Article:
Student Profiles

Staten Island College Student Aspires To A Future In The Medical Field

CSI Sophomore Pursues Nursing Major To Make A Difference In Her Community

By: Philip Clinton

Mel Romero, 18, shown here wearing her nursing scrubs. Romero got these scrubs from the nursing program at CSI. Credit: Mel Romero

In a room full of journalism majors, one thing stands out the most – a second year college student sitting in the classroom whose deepest desire is to become a nurse. That is something that has been a lifelong goal for 18 year old Mel Romero, a sophomore at the College Of Staten Island, originally from Manhattan – who has had a dream to accomplish such a goal since the earliest days of her childhood. Mel’s passion for nursing came with personal life experience driving her motivation. 

From an early age Romero had always enjoyed going to her local pediatricians office – playing with the medical equipment there, at other times pretending to be a doctor with her friends and has always desired to care for young children to ensure they live a long and happy life. One day, unexpectedly, tragedy struck – when her sister was involved in an accident while Romero was still in High School, 

“I had to take care of her,” said Romero. “I really like to take care of people – something about it satisfies me.” 

Nurses make up the majority of healthcare professionals, meaning they are in high demand for employment. In order to become a Registered Nurse (RN) you need to pass the licensure examination called the NCLEX; this is a nationwide exam that allows nursing students tos obtain their license in the state that they take the NCLEX in.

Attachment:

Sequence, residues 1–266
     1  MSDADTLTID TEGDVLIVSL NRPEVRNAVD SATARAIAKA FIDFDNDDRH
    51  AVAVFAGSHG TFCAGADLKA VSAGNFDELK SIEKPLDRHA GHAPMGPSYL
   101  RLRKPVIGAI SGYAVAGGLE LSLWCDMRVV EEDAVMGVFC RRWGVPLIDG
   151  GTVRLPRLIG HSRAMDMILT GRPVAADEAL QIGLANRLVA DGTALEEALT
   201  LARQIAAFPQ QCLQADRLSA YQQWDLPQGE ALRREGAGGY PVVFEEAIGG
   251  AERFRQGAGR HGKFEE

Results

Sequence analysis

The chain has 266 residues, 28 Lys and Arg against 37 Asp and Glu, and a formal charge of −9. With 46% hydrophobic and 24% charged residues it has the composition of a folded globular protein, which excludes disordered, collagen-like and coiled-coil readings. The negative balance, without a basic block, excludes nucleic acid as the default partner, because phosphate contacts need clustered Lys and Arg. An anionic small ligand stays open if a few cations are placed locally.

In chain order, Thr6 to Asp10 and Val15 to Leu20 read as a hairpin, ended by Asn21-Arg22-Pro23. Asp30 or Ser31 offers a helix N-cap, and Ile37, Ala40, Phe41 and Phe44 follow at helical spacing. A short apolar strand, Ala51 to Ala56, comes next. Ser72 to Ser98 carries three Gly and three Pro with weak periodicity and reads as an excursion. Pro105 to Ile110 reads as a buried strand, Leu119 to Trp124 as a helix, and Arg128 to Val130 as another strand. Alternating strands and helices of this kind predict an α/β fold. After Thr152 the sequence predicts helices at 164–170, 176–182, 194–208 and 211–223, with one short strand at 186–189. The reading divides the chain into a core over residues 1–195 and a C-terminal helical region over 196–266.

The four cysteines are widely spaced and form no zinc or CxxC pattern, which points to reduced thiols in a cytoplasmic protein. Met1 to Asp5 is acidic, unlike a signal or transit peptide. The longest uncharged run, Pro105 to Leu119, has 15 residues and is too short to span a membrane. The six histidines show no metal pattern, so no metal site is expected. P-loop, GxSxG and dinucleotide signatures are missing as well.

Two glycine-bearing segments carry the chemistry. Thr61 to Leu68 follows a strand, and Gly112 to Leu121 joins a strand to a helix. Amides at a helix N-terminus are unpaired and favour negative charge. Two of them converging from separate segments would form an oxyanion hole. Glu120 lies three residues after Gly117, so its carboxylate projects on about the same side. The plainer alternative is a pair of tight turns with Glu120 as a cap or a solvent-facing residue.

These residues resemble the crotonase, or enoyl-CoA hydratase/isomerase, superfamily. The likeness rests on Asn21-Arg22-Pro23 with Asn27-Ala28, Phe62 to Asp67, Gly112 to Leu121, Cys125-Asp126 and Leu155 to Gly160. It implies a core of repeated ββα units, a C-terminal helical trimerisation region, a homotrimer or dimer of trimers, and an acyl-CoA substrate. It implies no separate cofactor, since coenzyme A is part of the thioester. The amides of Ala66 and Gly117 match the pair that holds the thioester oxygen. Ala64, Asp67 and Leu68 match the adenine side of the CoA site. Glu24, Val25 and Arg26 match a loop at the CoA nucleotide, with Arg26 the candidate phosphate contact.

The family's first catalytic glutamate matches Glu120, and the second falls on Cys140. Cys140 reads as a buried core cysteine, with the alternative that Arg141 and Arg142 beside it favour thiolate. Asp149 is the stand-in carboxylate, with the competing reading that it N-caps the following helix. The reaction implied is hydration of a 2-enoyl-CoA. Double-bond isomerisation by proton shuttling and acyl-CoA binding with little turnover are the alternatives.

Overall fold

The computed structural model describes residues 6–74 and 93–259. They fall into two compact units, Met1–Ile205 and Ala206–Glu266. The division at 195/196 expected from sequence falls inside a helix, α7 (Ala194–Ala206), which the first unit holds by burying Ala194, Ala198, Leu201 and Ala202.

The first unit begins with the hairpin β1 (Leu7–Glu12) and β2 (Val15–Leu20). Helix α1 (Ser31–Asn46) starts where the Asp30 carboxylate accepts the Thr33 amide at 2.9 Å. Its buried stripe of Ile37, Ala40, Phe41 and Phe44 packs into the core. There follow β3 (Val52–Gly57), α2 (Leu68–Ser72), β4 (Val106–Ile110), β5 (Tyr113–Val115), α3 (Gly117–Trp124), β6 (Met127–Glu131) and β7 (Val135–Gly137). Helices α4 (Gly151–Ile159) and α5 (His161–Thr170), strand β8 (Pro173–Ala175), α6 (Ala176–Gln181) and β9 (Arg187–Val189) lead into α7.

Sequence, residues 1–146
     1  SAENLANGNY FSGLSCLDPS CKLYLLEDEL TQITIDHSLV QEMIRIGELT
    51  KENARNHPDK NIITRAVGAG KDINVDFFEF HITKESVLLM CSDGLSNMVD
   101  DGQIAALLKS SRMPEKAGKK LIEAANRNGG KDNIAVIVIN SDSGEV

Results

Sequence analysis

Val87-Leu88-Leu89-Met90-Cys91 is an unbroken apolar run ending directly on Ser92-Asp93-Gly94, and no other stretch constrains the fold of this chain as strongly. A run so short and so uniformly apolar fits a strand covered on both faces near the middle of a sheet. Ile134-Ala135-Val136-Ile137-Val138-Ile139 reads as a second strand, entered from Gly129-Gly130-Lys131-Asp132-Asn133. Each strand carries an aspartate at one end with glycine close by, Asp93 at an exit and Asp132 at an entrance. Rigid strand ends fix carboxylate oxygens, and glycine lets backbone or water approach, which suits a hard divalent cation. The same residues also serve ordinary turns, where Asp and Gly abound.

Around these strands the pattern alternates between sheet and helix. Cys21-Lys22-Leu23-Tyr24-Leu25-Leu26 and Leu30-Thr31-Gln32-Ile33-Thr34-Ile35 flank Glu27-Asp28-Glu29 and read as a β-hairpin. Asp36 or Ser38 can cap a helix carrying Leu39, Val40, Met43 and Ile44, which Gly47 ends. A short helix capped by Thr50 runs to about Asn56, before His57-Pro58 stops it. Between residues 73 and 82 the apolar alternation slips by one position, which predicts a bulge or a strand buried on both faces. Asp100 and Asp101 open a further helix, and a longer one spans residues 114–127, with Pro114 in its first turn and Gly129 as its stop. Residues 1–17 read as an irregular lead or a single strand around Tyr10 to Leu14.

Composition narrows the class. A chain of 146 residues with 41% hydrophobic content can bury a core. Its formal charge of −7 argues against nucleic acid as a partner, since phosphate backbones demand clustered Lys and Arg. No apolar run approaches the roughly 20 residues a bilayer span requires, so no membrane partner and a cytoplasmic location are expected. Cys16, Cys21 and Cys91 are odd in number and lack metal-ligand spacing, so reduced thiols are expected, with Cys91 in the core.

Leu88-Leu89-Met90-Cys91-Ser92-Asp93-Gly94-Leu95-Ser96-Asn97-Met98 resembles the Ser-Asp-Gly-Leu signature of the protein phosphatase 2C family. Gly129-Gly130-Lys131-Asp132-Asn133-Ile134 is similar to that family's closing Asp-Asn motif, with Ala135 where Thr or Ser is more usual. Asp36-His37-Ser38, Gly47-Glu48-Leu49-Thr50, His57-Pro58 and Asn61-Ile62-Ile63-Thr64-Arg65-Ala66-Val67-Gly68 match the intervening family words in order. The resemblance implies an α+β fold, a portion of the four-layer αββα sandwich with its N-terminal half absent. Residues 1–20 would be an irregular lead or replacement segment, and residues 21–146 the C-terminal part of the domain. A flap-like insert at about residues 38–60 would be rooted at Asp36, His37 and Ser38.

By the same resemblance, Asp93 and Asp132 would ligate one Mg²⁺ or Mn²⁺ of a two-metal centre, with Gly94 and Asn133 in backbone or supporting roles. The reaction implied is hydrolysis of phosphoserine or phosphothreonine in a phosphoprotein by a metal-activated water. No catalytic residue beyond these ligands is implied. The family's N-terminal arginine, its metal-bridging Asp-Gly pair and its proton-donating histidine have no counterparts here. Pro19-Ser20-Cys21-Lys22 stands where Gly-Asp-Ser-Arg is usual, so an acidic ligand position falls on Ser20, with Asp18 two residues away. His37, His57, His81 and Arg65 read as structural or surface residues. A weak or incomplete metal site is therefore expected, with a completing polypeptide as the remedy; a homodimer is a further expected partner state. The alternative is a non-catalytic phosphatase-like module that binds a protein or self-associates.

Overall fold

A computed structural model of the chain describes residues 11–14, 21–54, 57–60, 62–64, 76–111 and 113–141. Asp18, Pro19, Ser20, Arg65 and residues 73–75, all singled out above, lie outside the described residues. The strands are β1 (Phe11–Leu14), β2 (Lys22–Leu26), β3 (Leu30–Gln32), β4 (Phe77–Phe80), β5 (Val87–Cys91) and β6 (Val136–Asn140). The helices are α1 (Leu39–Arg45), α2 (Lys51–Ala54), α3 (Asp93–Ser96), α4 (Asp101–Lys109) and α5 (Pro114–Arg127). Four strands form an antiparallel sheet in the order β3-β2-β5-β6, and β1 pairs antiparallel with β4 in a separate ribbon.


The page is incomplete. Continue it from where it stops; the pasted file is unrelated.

D. Nursing scrubs and a stethoscope is given to every nursing student at the College of Staten Island. This equipment is usually worn by nursing students.  Credit: Mel Romero

An incident such as the one Romero had to deal with was something that served as that extra push that she needed in order to convince herself she was meant to go into the nursing field, no matter what. Caring for her sister was a true test of Romero’s own motivation to see if this would be what she wanted to do, in the long-term for others in the same way she did for her own family. 

This was truly Romero’s first experience acting as a nurse. And though it wasn’t professional experience, she was still able to feel the great sense of reward when helping others. 

“Knowing I can help them gives me happiness,” said Romero. “The thought of knowing my family will think of me when they’re ill or in need of medical attention.” 

Caring for people plays an important role in a nursing student’s personal or professional life – ranging from looking after their patients to advising their family on medical issues. Romero’s family has always been proud of their daughter for her accomplishments towards moving forward as a registered nurse and supportive of her ambitious aspirations, in doing the work that is similar to what her sister’s healthcare providers did to allow her sister to have a speedy recovery. 

Romero is now striving towards making a positive difference in other families’ lives – much the same way her family was impacted by healthcare providers in the past. 

Many different factors and unique life experiences can have an impact on a specific career path someone might want to pursue, whether it stems from a personal experience or a lifelong dream. People always consider career choices that they feel best suit them early in life, but as the individual grows, develops and matures – they just might find that their original career path does not suit them as well as they initially believed anymore and may cause many to question the path they set on later in life. 

When asked if she has a different plan for her life in the case that nursing wasn’t the choice for her, Romero answered rather simply. 

“I genuinely don’t see myself doing anything else,” said Romero. “It’s been my goal since high school.”

 Romero, wearing her nursing equipment adjusts her stethoscope. The stethoscope can be used on anyone she observes or anyone that requires it. Credit: Mel Romero

Categories: Student Profiles

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